JOLT Digest has previously reported on filing of the writ of petition for certiorari, the Tenth Circuit’s original ruling in Golan, the district court’s subsequent decision, and the Tenth Circuit’s most recent decision.

Sony Subpoenas IP Records of Visitors to PS3 Jailbreak Site

Wired reports that a magistrate judge in the United States District Court for the Northern District of California has granted Sony’s subpoena request to require a website host to turn over IP addresses of visitors to a New Jersey hacker’s site. George Hotz, the site owner, posted encryption keys and other software that allow owners of Sony’s Playstation 3 (“PS3”) to “jailbreak” the console. Sony argues that Hotz violated the Digital Millennium Copyright Act’s prohibition on distributing tools that allow circumvention of technological copy protections, since jailbreaking the PS3 allows owners to run pirated games. The court also granted Sony the right to subpoena related information from Hotz’s accounts on Twitter, YouTube and Blogger.

Lime Wire Settles Suit with Music Publishers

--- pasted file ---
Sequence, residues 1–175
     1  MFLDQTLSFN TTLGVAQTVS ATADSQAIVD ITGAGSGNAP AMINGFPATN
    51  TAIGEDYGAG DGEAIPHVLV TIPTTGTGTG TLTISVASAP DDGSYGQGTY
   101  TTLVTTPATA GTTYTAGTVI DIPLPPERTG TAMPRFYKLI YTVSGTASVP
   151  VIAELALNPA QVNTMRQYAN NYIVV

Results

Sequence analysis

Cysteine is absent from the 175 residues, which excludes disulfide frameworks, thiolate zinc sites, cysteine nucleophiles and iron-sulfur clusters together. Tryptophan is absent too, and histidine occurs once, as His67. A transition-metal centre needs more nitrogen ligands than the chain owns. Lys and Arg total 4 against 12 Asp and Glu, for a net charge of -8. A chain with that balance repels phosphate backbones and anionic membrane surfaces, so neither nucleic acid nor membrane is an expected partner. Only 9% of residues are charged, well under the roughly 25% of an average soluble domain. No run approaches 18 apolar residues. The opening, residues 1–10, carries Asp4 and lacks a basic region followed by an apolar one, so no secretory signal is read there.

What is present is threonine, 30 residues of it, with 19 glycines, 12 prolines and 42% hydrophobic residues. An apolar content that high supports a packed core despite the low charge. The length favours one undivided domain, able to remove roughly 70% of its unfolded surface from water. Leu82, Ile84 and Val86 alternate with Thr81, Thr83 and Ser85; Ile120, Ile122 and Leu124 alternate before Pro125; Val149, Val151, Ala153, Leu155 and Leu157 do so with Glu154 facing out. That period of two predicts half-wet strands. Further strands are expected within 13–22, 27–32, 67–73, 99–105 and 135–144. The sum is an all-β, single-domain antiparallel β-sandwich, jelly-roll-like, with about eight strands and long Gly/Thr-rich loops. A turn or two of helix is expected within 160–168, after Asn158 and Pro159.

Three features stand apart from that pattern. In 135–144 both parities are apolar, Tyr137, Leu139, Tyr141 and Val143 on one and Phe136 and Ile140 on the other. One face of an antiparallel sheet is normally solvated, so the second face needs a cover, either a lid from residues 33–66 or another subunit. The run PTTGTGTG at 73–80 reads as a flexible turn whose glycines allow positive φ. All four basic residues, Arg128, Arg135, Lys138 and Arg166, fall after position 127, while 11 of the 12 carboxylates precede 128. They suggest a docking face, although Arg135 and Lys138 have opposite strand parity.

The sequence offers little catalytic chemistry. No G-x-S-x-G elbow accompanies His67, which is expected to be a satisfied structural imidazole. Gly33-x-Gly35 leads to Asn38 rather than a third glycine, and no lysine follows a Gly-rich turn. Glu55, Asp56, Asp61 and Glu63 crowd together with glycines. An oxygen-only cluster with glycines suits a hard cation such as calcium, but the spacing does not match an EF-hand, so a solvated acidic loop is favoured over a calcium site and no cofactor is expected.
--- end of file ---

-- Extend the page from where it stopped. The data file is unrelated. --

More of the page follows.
Bloomberg reports that a group of music publishers, including EMI and Warner Brothers, has settled their lawsuit against Lime Wire LLC, creator of the now defunct file-sharing service LimeWire. The terms of the settlement have not been disclosed. Last year, in a suit brought by the Recording Industry Association of America (“RIAA”), Lime Wire was found liable for copyright infringement and forced to shut down. According to CNET, the music publishers filed suit after the RIAA ruling — as did a separate group of record labels, whose suit is still pending. The Hollywood Reporter notes that in the pending suit, Lime Wire has been attempting to use discovery “to show that [labels’] claims of revenue losses are exaggerated.”

Techcrunch Using Facebook “Real Name” Commenting System

Techcrunch announced recently that it is the latest in a series of major sites to use a Facebook-based plugin for user comments on the site’s posts. Because the plugin requires a Facebook account to post, users’ comments will now be associated with their real names, and the comments will be added to their Facebook feed by default. Although Techcrunch says it is responding to “trolls and spammers,” PC Mag wonders if the lack of anonymity will have chilling effects on online debate. Additionally, on the Huffington Post Larry Magid points out that the move further isolates users who choose not to register for Facebook accounts.

Posted On Mar - 13 - 2011 Comments Off READ FULL POST